(Courtesy: Dan Pine)
Josiah Derby, a distinguished rabbi who could trace his lineage back more than 900 years, died Dec. 18 in Coconut Creek, Fla., one week shy of his 89th birthday.
Rabbi emeritus of Rego Park Jewish Center in Queens, N.Y., and Congregation Beth Shalom in Coconut Creek, Derby was also the father of Lavey Derby, senior rabbi at Congregation Kol Shofar in Tiburon.
Born in Berditchev, Ukraine, Derby was a seventh-generation direct descendent of noted Chassidic Rabbi Levi Yitzhak of Berditchev.
Derby came to the United States with his family in 1921. After earning a master’s degree in mathematics from Harvard University, Derby attended the Conservative movement’s Jewish Theological Seminary of America. He was ordained in 1943, and during World War II he served as a chaplain with U.S. forces in Hawaii.
While still a rabbinical student, Derby played a central role in the founding of the Rego Park Jewish Center in Queens.
“At that point, most Jews in New York lived in Brooklyn and the Bronx,” says Rabbi Leon Rosenbloom of Congregation Beth Shalom. “Queens was the hinterlands. Rabbi Derby built what would become a magnificent keystone of the Conservative movement.”
Ruth Loewenstein, a past president of the Rego Park Jewish Center and a member since 1950, has fond memories of the rabbi. “He was very warm,” she recalls, “with a wonderful sense of humor.” During his tenure at Rego Park, Rabbi Derby broke with some traditions, especially regarding a woman’s role in temple life.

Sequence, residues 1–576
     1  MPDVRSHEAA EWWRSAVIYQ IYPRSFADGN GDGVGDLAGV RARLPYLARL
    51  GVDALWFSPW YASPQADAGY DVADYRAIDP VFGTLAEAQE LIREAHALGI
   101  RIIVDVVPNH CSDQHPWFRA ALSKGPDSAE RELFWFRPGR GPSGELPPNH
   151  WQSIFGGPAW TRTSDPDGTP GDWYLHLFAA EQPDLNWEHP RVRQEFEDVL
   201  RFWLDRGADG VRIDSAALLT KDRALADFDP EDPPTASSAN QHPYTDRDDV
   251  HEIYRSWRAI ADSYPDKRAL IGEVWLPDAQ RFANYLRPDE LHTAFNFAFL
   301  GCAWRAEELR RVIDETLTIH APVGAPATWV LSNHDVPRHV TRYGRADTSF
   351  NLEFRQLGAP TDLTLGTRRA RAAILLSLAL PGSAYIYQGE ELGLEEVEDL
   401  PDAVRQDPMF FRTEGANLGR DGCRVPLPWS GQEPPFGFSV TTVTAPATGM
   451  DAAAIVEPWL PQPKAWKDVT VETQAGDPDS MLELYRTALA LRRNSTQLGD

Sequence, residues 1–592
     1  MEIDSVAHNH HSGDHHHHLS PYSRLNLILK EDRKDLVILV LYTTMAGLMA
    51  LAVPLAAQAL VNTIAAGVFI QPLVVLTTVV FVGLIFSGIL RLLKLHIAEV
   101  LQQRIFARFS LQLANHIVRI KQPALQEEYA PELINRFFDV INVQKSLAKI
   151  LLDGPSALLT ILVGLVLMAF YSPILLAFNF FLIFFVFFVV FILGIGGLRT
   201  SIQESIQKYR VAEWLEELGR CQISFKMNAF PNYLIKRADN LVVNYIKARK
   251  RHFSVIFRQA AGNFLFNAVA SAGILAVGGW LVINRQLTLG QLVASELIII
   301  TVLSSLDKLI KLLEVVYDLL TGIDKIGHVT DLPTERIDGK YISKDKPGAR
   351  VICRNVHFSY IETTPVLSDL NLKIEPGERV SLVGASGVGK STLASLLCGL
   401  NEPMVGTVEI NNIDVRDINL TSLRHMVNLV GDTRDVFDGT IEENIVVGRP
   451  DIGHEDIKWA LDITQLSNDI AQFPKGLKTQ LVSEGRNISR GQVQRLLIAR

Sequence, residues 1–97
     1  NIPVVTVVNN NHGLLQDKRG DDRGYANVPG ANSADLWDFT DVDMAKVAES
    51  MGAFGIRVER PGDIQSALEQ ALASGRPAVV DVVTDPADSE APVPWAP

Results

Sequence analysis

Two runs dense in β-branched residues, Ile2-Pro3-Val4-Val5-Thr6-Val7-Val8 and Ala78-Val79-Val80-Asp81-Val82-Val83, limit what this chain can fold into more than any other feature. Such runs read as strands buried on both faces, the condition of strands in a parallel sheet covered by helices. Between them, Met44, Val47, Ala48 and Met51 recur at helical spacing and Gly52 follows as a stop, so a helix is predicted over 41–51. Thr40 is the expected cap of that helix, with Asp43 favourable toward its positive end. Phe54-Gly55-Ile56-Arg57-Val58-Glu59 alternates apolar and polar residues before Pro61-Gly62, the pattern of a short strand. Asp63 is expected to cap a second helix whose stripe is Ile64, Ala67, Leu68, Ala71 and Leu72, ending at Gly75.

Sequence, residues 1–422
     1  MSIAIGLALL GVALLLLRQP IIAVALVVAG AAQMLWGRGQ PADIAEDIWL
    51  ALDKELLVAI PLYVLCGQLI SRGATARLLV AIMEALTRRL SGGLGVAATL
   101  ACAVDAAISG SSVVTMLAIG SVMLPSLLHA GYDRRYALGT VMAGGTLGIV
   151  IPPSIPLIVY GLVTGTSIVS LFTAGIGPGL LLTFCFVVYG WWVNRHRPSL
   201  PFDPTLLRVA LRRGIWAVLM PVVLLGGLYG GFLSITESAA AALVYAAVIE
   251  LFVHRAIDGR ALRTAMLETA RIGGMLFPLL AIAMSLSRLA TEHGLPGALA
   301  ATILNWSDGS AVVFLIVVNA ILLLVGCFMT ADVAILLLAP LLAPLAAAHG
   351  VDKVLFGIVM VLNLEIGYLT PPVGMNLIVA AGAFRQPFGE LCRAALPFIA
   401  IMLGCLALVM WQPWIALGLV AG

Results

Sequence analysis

“He really let women participate,” says Loewenstein. “We were allowed to carry the Torah on Simchat Torah, which was really tremendous for those days.”
An outspoken liberal, Derby fought for social justice and interfaith dialogue. On one erev Yom Kippur, Loewenstein recalls, Derby shared the bimah with the neighborhood Catholic priest.
On another occasion, when New York City officials planned a low-income housing project in adjacent Forest Hills, Derby urged congregants to welcome their new neighbors rather than take a “not-in-my-backyard” approach.
Says his son, Lavey Derby of Tiburon, “He was confident in his opinions. People may have argued or disagreed with him, but they loved him.”
In 1952, the elder Derby helped found the Solomon Schecter School of Queens, the first Conservative day school in the United States.
Always civic minded, he served as a trustee of the Queensborough Public Library and was also a member of the Catholic-Jewish Relations Committee in Brooklyn.
Perhaps no one knew Derby better than his own family. Lavey Derby recalls his father as a man “of prodigious intellect, witty and sharp minded. He gave most of his life to his work.”
After retiring from the Rego Park synagogue in 1983, Rabbi Derby relocated to Coconut Creek near Fort Lauderdale.
Recalls Rosenbloom: “The nearest synagogue was four miles away. People were looking for a closer synagogue, so in 1985 he was among the founders of Beth Shalom. The first services were held in a community building of a local bank. In time, the congregation grew from zero to 700 families.”
Adds Lavey Derby, “My father had phenomenal energy and a good eye for the marketplace. He could tell it would be a fairly simple matter to build a new synagogue in Coconut Creek. It reflects my father as a community builder.”
For the first two years at Beth Shalom, Josiah Derby was the only rabbi, serving on voluntary basis only. In 1989, Rosenbloom was hired, but Derby remained active, serving on the board and teaching classes.
“He was deeply devoted to the Jewish people,” says Rosenbloom. “Rabbi Derby was also a wonderful biblical scholar, with over 40 articles published.”
Lavey Derby adds: “My father started writing after retirement. One of his first loves was Bible, and he especially liked the books of the prophets. He enjoyed the opportunity to debunk the usual understandings of text. He liked to stir the pot.”
Rabbi Josiah Derby was married for 64 years to Bertha Reifel Derby, who died in March 2001. He is survived by his second wife, Adele Wolman Derby, his sons Lavey and Jeff of Chapel Hill, N.C., three grandchildren and two sisters.